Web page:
However, to examine higher-level impact, we need to move beyond the idea of providing a goat. In the non-profit sector, good planning for a project means thinking about the path to an intended impact (this is a logic model or parts of a theory of change). So, perhaps the impact desired is increased employment for youth, then one line may look like this towards the goal:
- laptops are purchased for classes (input)
- classes for youth are held (activity)
- number of youth that have taken classes (output)
- youth have increased skills (short-term outcome)
- youth have higher employment rates (long-term outcome or impact)
For now, cryptocurrency donations work well for the input step when used for procuring certain items or given directly to a person (a beneficiary) to where it can be traced. This is why it’s effective for straightforward transactions like buying supplies for humanitarian or emergency aid or when it’s sent directly to beneficiaries for things like paying for utilities or medical costs. This kind of giving could one day be in direct competition to sites like GoFundMe.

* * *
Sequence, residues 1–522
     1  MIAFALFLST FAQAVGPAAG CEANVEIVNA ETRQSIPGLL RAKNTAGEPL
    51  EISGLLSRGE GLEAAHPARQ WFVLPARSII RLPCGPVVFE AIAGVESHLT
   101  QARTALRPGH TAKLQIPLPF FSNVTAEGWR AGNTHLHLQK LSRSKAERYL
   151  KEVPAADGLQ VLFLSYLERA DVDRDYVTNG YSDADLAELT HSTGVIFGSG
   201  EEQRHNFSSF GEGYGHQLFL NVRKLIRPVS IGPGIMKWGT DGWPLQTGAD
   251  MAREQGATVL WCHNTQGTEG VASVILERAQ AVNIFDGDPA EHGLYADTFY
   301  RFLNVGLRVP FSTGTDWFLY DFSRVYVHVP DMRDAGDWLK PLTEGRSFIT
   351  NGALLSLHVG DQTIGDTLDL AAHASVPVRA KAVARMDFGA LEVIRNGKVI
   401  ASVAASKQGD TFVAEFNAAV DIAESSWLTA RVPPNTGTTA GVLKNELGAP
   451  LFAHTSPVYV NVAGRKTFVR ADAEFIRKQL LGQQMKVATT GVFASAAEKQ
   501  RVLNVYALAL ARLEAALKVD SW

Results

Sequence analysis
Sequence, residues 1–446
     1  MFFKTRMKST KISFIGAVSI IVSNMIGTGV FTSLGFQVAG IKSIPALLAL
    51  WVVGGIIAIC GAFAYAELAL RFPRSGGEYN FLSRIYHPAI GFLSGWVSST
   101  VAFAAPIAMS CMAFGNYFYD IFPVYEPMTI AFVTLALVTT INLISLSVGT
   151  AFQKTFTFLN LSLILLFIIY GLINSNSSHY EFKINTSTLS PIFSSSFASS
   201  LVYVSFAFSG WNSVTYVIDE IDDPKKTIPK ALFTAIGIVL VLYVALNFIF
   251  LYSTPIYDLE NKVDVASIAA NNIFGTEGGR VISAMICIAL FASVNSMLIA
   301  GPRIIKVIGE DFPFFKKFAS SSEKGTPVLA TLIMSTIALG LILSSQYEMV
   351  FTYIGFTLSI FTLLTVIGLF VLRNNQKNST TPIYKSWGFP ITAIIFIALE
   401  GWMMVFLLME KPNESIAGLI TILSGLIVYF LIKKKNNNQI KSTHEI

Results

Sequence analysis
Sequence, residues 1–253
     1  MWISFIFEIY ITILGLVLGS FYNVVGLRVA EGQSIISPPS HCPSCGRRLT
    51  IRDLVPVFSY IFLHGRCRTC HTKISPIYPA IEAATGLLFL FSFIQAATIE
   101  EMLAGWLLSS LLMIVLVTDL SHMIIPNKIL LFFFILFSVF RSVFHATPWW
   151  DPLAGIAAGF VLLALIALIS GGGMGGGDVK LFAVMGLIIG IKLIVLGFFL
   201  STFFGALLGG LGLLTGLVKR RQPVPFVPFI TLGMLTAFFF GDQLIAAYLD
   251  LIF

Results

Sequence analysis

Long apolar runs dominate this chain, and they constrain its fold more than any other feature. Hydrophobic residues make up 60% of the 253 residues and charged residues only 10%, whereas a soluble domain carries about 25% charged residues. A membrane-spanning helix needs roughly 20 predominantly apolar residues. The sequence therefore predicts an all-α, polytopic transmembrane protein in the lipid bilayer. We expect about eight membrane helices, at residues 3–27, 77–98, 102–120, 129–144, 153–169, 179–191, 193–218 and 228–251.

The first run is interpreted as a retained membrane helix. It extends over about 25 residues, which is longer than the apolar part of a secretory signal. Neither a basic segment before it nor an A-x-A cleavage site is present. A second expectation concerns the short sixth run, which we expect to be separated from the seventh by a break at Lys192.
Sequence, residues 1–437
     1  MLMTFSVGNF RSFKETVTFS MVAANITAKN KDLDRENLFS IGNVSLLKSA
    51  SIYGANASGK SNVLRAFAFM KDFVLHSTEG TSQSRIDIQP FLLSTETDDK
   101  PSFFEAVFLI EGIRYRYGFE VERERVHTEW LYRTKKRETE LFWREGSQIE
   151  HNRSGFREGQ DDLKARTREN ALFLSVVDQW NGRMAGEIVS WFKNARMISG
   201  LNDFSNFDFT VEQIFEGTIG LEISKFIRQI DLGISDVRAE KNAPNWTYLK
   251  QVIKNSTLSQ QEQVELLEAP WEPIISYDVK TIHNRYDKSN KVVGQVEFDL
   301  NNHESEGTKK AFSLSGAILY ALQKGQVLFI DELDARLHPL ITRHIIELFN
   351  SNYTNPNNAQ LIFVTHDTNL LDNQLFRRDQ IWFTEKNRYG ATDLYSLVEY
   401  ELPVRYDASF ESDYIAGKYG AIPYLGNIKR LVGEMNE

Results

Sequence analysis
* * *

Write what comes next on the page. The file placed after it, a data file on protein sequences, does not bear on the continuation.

But to make the jump to support greater short-term and long-term outcomes, this where the smart contract comes in. A smart contract is a program that sits in a blockchain which sets out a transaction that happens only when certain conditions are met. When used for philanthropy intelligently, the requirements set out in smart contracts try to help solve the general lack of transparency of impact data in the non-profit sector by requesting proof of inputs, activities, outputs and even outcomes.
The smart contract process incentivizes impact measurement beyond inputs, because non-profits will typically receive tranches of funding only when results and reports are shared. In most cases, funds are held back until details of milestones or project completion are uploaded and are then verified by either a group of donors themselves, a third-party company or fee-based independent auditors or public bodies.
There are a few companies that are trying to innovate beyond input tracking within the blockchain. In the case of the platforms Alice and Proof of Impact, they are able to manage proof through use of smart contracts and tokens, which are used to represent different kinds of assets on a blockchain and, in this case, represent impact assets or facts. Donations can be made in cryptocurrency or fiat currency, so they’re open to everyone.